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Model 1873 corrosion/rust on receiver
January 22, 2020
1:58 am
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California
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New member, first time poster with questions about my newly purchased 1873 with corrosion/rust on the receiver. Is it possible to clean this up or "remove" this rust/corrosion? Should I attempt if possible? Hopefully, you can see what I'm referring to in the photos. Any advice would be appreciated.

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January 22, 2020
2:11 am
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Wisconsin
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0000 steel wool and oil is want I have used in the past.

Bob

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January 22, 2020
2:40 am
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I've used the edge of a copper penny and oil to scrape rust off with some success.  Just be sure to use a pre-1982 penny.  1982 and later are not solid copper.

January 22, 2020
2:58 am
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I use Kroil and copper wool (real copper wool, not copper coated brillo or other coppered steel). 

steve

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January 22, 2020
3:25 am
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 I think it would be wise to try the steel wool and oil on a cheaper gun than the one in the picture or perhaps in a less obvious spot than the side of the receiver. If the corrosion pitted the metal you can't get to the bottom, you can only smooth the top. You can scour with steel wool, brass wool, spray it with a penetrant but you will still have a visible spot on a nice receiver. Cold blue shows up with bright light, any metal removal on a flat surface makes a dimple and is easy to see on a shiny flat surface like the side of your receiver. T/R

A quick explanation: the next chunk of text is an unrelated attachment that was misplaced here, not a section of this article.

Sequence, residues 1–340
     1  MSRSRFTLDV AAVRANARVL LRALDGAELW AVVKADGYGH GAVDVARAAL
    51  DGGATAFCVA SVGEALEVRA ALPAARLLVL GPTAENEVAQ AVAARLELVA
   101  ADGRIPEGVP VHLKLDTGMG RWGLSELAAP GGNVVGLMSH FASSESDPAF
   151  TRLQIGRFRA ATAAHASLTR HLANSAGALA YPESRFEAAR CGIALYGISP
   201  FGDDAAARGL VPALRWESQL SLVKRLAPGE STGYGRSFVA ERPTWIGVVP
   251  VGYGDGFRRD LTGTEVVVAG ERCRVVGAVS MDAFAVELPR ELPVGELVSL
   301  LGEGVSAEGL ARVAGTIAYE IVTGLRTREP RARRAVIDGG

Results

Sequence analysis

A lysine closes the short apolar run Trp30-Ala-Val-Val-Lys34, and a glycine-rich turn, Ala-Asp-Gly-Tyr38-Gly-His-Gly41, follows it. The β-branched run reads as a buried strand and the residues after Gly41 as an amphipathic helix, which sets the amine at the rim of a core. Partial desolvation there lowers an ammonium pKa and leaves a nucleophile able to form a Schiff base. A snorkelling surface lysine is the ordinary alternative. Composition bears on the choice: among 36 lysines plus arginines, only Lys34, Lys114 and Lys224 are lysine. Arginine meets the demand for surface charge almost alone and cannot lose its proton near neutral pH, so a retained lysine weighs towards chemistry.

January 22, 2020
3:29 am
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supergimp said
I use Kroil and copper wool (real copper wool, not copper coated brillo or other coppered steel). 

steve  

Agreed. I’d remove the wood to check for more rust and let the Kroil soak in for at least a few hours, maybe overnight. Looks like some light pitting, not much to do there other than keep it oiled or otherwise protected after removing the rust. Another approach is to stop the progression of the rust with CLP or a similar product and remove the loose rust with a nylon toothbrush. I’m not a fan of the latter but in some cases it may be appropriate.

 

Mike

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January 22, 2020
4:36 am
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TR said
If the corrosion pitted the metal you can't get to the bottom, you can only smooth the top. You can scour with steel wool, brass wool, spray it with a penetrant but you will still have a visible spot on a nice receiver.